1966 Lincoln Continental Convertible
Chassis no. 6Y86G434635
Lincoln made a bold move in switching to unitary construction for the 1958 models, but the result was somewhat underwhelming. The largest Lincolns to date and the hugest unibody cars ever, they came across as perpendicularly sculpted, competitive at first but decidedly dated by 1960.
The new, clean design for 1961 started out as a Thunderbird concept. Styling veep George Walker wanted it, so chief stylist Elwood Engel rounded up a team that eventually included John Najjar, Bob Thomas, Joe Oros, John Orff and Colin Neale. Reflecting on criticism of the earlier cars, Engel told Najjar "I want a clean car no garbage."
A clean car is what he got, created around a Thunderbird cowl. But it was Robert McNamara, Ford general manager and soon to become company president, who suggested it become a four-door Lincoln Continental. This caused quite a stir, since an evolutionary Lincoln, based on the 1958-60 design, was already in process. But Engel's design prevailed, and went into production in November 1960.
The Industrial Design Institute awarded it a coveted Bronze Medal, rare for an automobile. A full 15 inches shorter than its predecessor (and 10 and 15 inches shorter, respectively, than '61 Cadillacs and Imperials), the new Continental was designed for ease of passenger entry: the lack of a wrap-around windshield and use of aft-hinged "suicide" rear doors aided in this. And truly novel for the time was a four-door convertible body style, the first since the faltering Frazer Manhattan of 1951.
Design changes over the first three years were minimal. A 1964 freshening restyled the tail end, but also changed the curved side glass to flat panes, which saved money. In order to provide more rear legroom, the wheelbase was stretched three inches to 126.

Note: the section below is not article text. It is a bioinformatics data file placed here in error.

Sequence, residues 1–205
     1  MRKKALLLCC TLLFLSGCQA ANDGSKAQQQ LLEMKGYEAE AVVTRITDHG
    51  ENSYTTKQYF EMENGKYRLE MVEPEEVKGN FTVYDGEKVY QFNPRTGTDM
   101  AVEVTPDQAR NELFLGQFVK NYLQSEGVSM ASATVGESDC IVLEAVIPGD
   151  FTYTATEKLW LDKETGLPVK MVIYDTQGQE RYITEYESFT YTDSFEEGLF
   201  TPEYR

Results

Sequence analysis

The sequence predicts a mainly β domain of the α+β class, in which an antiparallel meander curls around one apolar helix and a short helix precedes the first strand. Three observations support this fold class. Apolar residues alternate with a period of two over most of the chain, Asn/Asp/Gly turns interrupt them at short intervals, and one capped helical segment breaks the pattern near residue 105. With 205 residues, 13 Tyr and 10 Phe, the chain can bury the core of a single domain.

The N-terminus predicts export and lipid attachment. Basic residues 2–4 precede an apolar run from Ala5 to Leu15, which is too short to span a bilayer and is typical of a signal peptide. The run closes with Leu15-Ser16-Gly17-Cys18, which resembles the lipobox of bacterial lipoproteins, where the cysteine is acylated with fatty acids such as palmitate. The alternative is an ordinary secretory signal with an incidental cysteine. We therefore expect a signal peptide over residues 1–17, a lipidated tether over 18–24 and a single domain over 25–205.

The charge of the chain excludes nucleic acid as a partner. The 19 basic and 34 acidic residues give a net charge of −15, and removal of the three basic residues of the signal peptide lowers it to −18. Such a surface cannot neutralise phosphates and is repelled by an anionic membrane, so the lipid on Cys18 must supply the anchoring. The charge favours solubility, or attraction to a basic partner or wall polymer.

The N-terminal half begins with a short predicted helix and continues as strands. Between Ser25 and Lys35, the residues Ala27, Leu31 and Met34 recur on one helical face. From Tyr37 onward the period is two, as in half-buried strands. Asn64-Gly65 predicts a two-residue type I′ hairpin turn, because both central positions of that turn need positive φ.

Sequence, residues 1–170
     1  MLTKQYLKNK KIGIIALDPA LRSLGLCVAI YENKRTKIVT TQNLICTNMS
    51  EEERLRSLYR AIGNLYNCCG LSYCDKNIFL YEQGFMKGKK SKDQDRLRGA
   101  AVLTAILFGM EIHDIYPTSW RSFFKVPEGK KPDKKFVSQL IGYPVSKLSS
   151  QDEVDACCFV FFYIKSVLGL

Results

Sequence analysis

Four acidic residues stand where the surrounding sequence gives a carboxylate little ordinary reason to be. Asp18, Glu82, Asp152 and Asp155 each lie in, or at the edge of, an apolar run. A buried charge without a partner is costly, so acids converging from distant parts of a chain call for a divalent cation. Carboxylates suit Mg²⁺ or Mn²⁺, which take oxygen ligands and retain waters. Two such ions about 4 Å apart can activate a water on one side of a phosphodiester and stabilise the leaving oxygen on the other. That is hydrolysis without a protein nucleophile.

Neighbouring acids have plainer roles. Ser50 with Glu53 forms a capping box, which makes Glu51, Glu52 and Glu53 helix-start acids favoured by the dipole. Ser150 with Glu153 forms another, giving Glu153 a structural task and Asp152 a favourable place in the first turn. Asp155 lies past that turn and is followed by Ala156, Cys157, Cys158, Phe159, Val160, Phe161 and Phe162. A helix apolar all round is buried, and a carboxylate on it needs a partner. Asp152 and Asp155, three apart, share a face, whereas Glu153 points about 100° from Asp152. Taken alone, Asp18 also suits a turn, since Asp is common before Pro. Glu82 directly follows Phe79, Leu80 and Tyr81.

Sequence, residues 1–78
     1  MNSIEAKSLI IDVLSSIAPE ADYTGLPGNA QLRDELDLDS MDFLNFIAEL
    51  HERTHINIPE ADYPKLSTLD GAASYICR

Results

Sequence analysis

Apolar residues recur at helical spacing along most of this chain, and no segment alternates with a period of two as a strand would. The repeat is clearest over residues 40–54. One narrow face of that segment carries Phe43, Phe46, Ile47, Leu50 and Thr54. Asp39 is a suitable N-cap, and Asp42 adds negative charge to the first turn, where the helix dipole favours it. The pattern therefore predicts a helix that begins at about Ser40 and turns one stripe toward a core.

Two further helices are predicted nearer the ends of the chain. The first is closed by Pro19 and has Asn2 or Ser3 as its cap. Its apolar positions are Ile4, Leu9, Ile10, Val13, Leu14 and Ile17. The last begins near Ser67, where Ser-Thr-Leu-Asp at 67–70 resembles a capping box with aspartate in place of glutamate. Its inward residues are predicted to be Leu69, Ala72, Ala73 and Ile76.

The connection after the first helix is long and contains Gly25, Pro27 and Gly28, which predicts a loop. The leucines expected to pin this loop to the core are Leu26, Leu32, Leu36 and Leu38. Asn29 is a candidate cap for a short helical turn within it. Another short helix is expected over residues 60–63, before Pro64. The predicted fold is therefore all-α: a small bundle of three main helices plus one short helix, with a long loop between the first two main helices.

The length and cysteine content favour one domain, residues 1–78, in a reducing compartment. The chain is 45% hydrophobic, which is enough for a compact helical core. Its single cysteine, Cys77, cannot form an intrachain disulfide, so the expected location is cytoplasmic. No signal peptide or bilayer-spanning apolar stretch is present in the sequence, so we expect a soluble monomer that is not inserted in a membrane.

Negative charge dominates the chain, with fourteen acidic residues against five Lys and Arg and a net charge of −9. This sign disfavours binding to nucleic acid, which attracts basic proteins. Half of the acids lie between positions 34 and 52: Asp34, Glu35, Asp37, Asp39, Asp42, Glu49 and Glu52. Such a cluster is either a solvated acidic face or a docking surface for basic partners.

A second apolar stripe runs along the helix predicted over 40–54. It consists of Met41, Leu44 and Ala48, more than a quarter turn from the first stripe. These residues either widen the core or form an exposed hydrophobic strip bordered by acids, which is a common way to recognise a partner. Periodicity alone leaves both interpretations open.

Front disk brakes were made standard in 1965, and 1966 brought a new skin, with new contours and a sculpted accent line down the side. The curved glass returned. The design continued in production through 1969, but the convertibles were discontinued after 1967. These are sometimes called "Kennedy Lincolns," since several were adopted for the White House fleet and one of them became heartbreakingly famous in Dallas during November 1963. Some, however, prefer to remember the image of President Johnson leading cars of the intrepid press corps, in a car very much like this one, at astronomical speeds on the LBJ Ranch.
This beautiful 1966 Lincoln Continental Convertible with its suicide doors is gorgeous in Arctic White and with a striking lightly patinated original red vinyl interior. Built in Ford's Thunderbird-Lincoln plant at Wixom, Michigan, it is powered by a 340 bhp, 462 cubic inch V8, the largest iteration of the MEL engine family introduced in 1958.
The car drives with all the magnificence on would expect from the model. The electric top mechanism and power windows are all working fine, and better still it comes with factory air-conditioning, a rare option.
Unquestionably one of the most distinctive designs of its day, this is a fine example which speaks volumes for the care and attention that has been lavished on it.
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